A few words just to clarify and enhance the important points.
--Only the clutch M/C banjo fitting aluminum limiter lug needs to be cut IF you want to also neatly
capture/include the hydraulic line inside the handguard's throat with the wires & cable. The brake side M/C banjo fitting needs to be turned the other way, away from it's limiter lug, so it's not an issue. When you do the clutch side lug cut & rearward turn of the hydraulic line, it fits handsomely inside the handguard looking like the factory did the work.
EDIT: The stout Aluminum locating lug is needed by the factory to exactly locate the brakeline's banjo fitting location and, because it is so stout, prevent the hydraulic line from rotational creeping as the banjo bolt is tightened. They install each clutch/brake system onto the bike, already connected/filled/bled/sealed from another factory location. The integral lug casting also helps mechanics and novices quickly locate the correct angular banjo fitting location after a rebuild/replacement. It's no big deal to remove the clutch side's protruding locating lug, especially when it prevents a clean flowing, factory lookalike, INSIDE THE YOKE installation. THE LUG IS NOT NEEDED for any competent mechanic, able to hold the banjo fitting in the right place while it is being tightened. I cringe when I read about someone Dremeling away the plastic handguards structure
weakening their designed in crash-worthy strength, because it interferes with the hydraulic lines. Even if you do not have access to a rotary cut-off tool, a small hacksaw and very careful strokes, with or without line removal, can remove the interfering lug. After file smoothing the cut and repainting (like Beemeridian did) no one is the wiser (or harmed) at trade-in or sell time, when you'll likely remove and resell the handguards. I sold mine to MikeCam.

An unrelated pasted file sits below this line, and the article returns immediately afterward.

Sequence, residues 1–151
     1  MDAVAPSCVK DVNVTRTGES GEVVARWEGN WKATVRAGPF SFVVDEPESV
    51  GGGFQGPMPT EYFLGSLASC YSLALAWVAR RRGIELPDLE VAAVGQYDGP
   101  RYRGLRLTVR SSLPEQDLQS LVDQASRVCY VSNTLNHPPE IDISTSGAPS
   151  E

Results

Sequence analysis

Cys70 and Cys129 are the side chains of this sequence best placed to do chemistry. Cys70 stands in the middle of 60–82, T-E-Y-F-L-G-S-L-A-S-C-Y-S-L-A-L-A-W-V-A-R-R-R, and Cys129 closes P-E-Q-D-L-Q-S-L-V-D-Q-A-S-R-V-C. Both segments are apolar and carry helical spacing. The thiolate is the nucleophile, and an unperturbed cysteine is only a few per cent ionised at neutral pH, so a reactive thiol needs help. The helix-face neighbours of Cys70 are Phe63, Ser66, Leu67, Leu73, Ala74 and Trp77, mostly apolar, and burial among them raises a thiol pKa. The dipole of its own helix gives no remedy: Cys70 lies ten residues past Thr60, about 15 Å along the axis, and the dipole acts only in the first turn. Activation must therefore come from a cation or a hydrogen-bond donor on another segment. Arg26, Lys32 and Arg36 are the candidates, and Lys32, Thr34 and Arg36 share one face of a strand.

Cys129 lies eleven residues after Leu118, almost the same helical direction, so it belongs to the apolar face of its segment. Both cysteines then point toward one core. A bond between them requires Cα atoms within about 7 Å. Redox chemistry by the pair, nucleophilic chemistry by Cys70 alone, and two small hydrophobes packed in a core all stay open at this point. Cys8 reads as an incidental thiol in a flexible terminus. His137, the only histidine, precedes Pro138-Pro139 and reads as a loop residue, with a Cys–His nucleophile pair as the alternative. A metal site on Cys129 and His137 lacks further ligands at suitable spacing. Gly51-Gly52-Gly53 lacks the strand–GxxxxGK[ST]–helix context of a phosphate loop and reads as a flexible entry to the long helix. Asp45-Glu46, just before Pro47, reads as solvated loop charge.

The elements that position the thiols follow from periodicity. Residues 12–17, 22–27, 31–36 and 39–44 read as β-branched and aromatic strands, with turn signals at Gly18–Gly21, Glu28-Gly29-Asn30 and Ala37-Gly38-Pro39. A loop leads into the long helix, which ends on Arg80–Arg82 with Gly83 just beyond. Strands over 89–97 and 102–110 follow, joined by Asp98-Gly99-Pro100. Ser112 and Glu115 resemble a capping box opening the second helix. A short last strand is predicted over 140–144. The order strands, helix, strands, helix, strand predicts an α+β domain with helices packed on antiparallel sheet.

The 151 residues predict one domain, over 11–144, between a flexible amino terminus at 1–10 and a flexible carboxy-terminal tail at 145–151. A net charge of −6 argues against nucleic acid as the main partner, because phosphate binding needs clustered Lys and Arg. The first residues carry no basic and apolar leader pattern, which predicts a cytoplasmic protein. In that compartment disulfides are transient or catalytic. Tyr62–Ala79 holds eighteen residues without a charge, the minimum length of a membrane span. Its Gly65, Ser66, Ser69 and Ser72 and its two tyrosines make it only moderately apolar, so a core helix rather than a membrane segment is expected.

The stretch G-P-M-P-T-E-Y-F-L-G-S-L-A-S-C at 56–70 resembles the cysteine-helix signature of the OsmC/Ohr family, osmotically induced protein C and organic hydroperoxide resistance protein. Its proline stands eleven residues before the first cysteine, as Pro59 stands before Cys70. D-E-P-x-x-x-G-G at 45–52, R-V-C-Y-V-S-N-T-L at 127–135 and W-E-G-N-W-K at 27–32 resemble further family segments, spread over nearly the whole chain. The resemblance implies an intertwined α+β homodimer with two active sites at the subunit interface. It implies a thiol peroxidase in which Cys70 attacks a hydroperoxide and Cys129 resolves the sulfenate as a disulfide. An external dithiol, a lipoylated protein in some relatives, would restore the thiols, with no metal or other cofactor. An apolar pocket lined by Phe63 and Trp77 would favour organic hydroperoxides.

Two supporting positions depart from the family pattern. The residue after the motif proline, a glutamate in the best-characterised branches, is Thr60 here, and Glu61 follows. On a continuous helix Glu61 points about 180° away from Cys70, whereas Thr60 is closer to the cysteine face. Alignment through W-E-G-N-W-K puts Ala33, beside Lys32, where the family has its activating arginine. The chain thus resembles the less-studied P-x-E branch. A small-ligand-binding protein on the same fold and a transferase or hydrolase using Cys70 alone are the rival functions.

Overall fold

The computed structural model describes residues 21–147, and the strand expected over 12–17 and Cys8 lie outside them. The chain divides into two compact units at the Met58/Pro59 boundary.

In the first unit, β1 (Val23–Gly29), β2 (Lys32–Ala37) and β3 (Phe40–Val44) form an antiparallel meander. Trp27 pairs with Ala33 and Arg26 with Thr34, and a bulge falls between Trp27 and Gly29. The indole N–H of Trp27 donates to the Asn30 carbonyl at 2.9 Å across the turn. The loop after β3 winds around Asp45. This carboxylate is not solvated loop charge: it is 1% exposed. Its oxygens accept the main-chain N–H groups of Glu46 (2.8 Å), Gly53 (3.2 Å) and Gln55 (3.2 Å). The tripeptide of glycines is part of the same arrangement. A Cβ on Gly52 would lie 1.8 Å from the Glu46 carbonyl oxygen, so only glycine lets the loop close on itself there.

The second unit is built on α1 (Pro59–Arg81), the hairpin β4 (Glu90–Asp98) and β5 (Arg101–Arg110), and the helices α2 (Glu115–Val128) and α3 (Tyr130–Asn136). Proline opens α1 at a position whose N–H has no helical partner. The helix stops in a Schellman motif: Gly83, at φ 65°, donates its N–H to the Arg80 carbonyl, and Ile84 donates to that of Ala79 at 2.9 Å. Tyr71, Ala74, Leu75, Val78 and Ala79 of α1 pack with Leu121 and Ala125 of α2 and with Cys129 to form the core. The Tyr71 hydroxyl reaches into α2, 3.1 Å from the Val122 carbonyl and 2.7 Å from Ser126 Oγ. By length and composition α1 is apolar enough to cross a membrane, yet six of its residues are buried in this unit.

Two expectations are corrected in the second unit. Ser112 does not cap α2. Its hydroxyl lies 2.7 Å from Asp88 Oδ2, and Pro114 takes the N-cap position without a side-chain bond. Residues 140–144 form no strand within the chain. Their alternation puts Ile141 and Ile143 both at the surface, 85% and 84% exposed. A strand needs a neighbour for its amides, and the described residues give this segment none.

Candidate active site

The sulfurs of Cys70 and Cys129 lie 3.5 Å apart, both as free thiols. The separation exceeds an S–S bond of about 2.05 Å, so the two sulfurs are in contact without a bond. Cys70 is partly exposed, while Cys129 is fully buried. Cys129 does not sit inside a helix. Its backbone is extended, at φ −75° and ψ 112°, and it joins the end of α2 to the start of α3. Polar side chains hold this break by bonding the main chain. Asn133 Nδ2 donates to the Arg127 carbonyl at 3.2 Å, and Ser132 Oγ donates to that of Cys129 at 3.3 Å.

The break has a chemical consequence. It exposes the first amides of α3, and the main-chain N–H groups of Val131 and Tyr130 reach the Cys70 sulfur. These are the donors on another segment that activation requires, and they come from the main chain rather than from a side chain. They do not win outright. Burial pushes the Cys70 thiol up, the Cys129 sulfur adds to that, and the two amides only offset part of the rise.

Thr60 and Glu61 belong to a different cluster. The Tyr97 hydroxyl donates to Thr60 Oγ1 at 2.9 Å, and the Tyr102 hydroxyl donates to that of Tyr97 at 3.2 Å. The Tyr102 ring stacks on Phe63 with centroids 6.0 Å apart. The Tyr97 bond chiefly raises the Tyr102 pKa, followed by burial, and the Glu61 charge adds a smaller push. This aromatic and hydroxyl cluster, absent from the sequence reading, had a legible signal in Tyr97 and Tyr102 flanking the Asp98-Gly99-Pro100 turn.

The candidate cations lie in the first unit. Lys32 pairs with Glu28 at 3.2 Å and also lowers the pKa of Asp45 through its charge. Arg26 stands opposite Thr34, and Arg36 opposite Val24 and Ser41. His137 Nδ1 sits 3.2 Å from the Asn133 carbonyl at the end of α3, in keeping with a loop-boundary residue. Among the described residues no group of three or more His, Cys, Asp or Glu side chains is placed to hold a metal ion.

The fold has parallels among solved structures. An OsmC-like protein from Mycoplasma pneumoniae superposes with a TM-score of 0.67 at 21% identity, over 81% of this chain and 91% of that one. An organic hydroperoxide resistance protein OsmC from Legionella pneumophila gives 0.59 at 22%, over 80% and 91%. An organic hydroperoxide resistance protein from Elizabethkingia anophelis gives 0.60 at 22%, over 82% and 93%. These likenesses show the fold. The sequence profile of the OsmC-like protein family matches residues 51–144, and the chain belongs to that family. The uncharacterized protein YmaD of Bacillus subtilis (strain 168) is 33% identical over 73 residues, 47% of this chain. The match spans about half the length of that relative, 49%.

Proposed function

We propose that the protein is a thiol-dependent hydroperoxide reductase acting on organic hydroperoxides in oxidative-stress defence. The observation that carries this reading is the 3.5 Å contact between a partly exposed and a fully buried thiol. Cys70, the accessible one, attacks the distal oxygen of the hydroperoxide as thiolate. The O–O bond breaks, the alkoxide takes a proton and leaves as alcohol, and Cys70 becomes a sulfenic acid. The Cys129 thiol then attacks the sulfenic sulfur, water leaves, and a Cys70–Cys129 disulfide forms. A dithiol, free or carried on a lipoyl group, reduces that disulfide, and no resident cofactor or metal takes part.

--Be sure to start the threads on the rearward then the forward barclamp bolt that pass thru the handguard BEFORE
you put the bar end bolt in the handguard or you will have great difficulty starting the barclamp bolts later. Once the barclamp bolts are started but loose enough so the clamp can slide up/down on the handlebar, locate, then force the guard's bar end portion into place and install the bolt, just mildly distorting the handguard's natural shape. They were made for 1150GS handlebars, but fit OK on 1150R bars.
--Ensure the levers have one finger's clearance to the handguard's bottom surface, then securelytighten
the bar end bolt. Recheck the lever clearances again and occasionally as part of your pre-ride inspection. If the lever clearance goes to zero or prevents full lever release, it likely will damage or shorten the life of the slave and/or throwout bearing.
--Again, with the stock Roadster handlebars NOTHING
of the plastic
handguard needs to be cut, filed or trimmed IF you are a decent farkle installer.
FYI, the only bad part about the handguards is that they make it more difficult to wave back to the bumper crop of Harley riders. Oh well, hands on the bars . . . . and . . . . . they get a quick downward helmet nod.